Thursday, February 21, 2008

Review: Handle Me With Care (Kod)

  • Written and directed by Kongdej Jaturanrasamee
  • Starring Kiatkamol Latha, Supaksorn Chaimongkol
  • Released in Thailand cinemas on February 21, 2008
  • Rating: 4/5

What is the sound of three hands clapping? Well, it might sound a little discordant. It might sound a little like Handle Me With Care.

The story of a three-armed man and his relationship with a large-breasted woman, Handle Me With Care starts off swinging all three of those arms, with a powerful, yet wryly funny beginning and ample folksy humor.

By the time the second act is nursed along, the momentum of the swings has slackened, the jokes less impactful. The third act loses its punch entirely, though it ends satisfyingly sweet and sentimentally, because, after all, this is a GTH film, and they all must have happy endings.

Handle Me With Care, or Kod (literally Hug), stars singer Kiatkamol Latha, or Tui AF3 from the Academy Fantasia talent-search TV series, in his first feature role. He plays the three-armed man. Curvy actress Supaksorn "Kratae" Chaimongkol is cast in a role where she gets to make some self-effacing jokes about her busty appearance, and stretch her dramatic and comedic chops with understated subtlety.

The film is written and directed by Kongdej Jaturanrasamee, who's better known for his work as a hired-gun screenwriter for a variety of films, from the weepy romance The Letter and the comic-book adaptation Noo Hin: The Movie to the Tony Jaa missing-elephant martial arts caper, Tom Yum Goong and Nonzee Nimibutr's upcoming historical fantasy, Queen of Langkasuka. His previous directorial effort, 2005's Midnight My Love (Cherm) was also a sweet romance (between a taciturn taxi driver played by Mum Jokmok and a soapy massage girl portrayed by Woranut Wongsuwan), but it lept wildly off its rails in the second half, and took an intriguing dark, surreal turn.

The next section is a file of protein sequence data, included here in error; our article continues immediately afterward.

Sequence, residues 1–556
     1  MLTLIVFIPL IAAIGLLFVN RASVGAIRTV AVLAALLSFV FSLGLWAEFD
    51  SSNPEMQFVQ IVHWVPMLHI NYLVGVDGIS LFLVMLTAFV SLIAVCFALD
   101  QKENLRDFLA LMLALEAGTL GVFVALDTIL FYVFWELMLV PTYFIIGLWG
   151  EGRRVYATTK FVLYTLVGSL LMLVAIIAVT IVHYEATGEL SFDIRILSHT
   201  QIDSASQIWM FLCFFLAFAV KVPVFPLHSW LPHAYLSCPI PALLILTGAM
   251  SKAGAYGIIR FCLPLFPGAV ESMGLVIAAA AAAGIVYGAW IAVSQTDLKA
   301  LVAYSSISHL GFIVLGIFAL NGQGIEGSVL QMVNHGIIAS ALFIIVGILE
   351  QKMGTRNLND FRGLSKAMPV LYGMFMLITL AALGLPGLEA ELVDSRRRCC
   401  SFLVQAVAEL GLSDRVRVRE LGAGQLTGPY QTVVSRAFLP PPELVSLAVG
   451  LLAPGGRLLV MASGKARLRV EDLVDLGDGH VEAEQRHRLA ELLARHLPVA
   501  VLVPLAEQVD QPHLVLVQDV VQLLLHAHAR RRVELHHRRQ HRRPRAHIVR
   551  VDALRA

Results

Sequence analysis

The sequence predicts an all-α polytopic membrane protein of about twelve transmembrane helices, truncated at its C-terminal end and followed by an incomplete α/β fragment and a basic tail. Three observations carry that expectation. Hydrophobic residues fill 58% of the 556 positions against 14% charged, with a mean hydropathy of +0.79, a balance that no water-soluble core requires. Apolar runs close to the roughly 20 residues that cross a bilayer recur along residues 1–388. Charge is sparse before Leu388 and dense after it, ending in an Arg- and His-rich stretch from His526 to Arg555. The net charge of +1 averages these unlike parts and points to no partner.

Produced by Grammy Tai Hub, Handle Me Care is kept more firmly on the line, so that it fits in the "feel good" GTH formula.

Still, Kongdej manages to explore the seedy side of Thai culture, featuring a hairy-derriered would-be rapist cop, and a bus driver who flees the scene because of his gambling debts.

And, the film has some things to say about how we perceive other people and judge their appearances, condemning them if they look like freaks, or assume a woman is easy because she has large breasts.

Tui portrays Kwan, a guy with two left arms who views his extra appendage as an encumbrance. Though it makes it easy for him to hang up the laundry on windy days, zip his luggage shut and earns him Employee of the Month at the post office, where he sorts letters, Kwan is glum. He is unlucky in love, having been dumped by his popular and pretty high-school sweetheart, and now by his horse-faced co-worker. His doting mother is long since dead, and now the tailor who makes his three-armed shirts has choked to death (in a hilariously sad opening scene that establishes the small northern city of Lampang's idyllic setting). Kwan is tired of people around Lampang always staring and talking about him. Not having access to any more tailored shirts is the last straw.